Tiger Woods needs his own Keegan Bradley, says Monty

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Tiger Woods won’t break out of his Ryder Cup funk until he has his own version of American star Keegan Bradley, according to former European Ryder Cup captain and current golf gadfly, Colin Montgomerie.

Montgomerie, who flitted about Medinah Country Club last week for Golf Channel and Sky Sports as the Scottish Johnny Miller, wrote in The Telegraph that Woods needed a callow acolyte to infuse the 14-time major winner with some youthful energy and passion, much as Bradley did for Phil Mickelson. Partnering with Steve Stricker may have been comfortable for Woods, but the long-time twosome turned in a dreadful 0-3 performance in team competition.

An enthusiastic newbie Woods can mentor, as Mickelson has Bradley, should be a priority for the next U.S. captain, averred Monty, adding that 40-somethings Stricker (0-for-Medinah) and Jim Furyk (1-2-0) had likely played their last Ryder Cup matches.

With captains’ picks likely to be of tender years, after the old hands proved not up to the task, Woods must “be entrusted to take a young player under his wing,” Montgomerie wrote. “It's a two-way thing, as Mickelson and Bradley showed. In fact, Mickelson was the big winner in that pairing as Bradley really fired him on to produce his best. I see a Rickie Fowler type doing the same for Tiger.

“That's what he needs to turn around his extraordinarily bad record in the Ryder Cup,” the 31-time European Tour victor continued. “He's been on the winning team just once in seven appearances. The only time America have won this century is when Woods has been injured (in 2008 at Kentucky). Woods has a big losing individual record.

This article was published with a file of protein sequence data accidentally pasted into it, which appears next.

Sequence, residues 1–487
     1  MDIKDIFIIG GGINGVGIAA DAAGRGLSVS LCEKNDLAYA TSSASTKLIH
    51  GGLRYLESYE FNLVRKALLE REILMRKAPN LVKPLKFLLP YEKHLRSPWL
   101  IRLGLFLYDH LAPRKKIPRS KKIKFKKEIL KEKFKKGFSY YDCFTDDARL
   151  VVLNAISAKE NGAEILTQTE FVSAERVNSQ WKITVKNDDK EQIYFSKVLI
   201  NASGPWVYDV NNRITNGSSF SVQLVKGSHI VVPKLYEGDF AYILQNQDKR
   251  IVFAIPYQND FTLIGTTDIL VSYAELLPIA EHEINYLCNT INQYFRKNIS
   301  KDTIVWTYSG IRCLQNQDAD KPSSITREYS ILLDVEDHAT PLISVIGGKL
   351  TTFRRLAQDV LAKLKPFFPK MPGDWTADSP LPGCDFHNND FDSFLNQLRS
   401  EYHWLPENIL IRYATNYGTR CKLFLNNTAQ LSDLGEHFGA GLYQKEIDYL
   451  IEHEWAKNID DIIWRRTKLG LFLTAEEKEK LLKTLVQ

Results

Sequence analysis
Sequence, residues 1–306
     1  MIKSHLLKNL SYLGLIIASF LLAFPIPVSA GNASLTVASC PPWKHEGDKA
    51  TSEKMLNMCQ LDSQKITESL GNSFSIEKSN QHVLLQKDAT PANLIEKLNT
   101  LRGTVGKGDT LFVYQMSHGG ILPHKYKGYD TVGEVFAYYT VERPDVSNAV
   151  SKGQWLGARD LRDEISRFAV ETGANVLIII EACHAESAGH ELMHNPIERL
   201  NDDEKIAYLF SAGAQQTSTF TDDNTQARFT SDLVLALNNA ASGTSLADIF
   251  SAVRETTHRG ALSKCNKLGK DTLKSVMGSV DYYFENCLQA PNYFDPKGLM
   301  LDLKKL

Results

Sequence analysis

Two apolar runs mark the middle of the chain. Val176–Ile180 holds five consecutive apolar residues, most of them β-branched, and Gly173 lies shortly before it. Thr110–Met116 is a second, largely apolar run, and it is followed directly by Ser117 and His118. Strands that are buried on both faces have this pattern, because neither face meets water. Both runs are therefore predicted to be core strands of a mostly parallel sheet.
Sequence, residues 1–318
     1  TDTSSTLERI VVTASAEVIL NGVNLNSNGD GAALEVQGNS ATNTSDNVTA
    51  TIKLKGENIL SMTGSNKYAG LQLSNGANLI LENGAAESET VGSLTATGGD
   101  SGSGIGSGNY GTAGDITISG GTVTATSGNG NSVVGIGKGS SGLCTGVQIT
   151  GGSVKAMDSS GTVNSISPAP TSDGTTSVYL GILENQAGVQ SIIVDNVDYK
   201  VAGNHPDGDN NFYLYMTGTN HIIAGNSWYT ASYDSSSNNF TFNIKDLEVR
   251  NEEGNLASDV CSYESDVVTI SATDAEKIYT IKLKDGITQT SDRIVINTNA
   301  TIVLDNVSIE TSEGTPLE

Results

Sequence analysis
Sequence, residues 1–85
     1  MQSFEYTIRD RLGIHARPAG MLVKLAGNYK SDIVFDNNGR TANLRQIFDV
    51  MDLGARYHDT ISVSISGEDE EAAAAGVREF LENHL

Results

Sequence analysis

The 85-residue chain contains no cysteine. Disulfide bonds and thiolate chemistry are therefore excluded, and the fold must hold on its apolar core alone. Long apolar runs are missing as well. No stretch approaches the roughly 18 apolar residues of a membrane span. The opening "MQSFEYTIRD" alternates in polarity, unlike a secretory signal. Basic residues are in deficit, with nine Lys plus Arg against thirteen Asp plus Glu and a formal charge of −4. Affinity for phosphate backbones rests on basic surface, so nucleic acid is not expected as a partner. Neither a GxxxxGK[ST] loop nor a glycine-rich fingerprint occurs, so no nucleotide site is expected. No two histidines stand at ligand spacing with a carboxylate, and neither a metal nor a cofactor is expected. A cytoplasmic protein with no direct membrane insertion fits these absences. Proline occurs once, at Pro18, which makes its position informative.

“These are the facts and you can't hide from them,” concluded Montgomerie. “It is a dilemma for the next captain. But Mickelson's example shows it can be addressed.”

Mickelson, 42, took an 11-17-6 career Ryder Cup record into this year’s contest but went 3-0 with the emotional and energetic Bradley by his side. Indeed, Lefty, who cited mental fatigue when he withdrew from the Memorial Tournament earlier in the year, seemed positively revitalized by the endless enthusiasm of his playing partner.

With Woods bottoming out in his seventh Ryder Cup start last week (his first appearance without at least one W), and seeming to thrive when he goes head-to-head with Rory McIlroy in PGA Tour events, it’s difficult to argue with the logic of Montgomerie, who did note one benefit from Tiger’s “negative effect” on the U.S. squad. The “new Tiger” no longer cast an “aura and intimidating effect” on his teammates, which, the Euros’ winning leader in 2010 said, allowed the youngsters to shine.

“The U.S. unearthed a few superstars,” Montgomerie said, no doubt referring to Ryder Cup debutants Bradley (3-1-0) and Jason Dufner (3-1-0) and sophomore Dustin Johnson (3-0-0).

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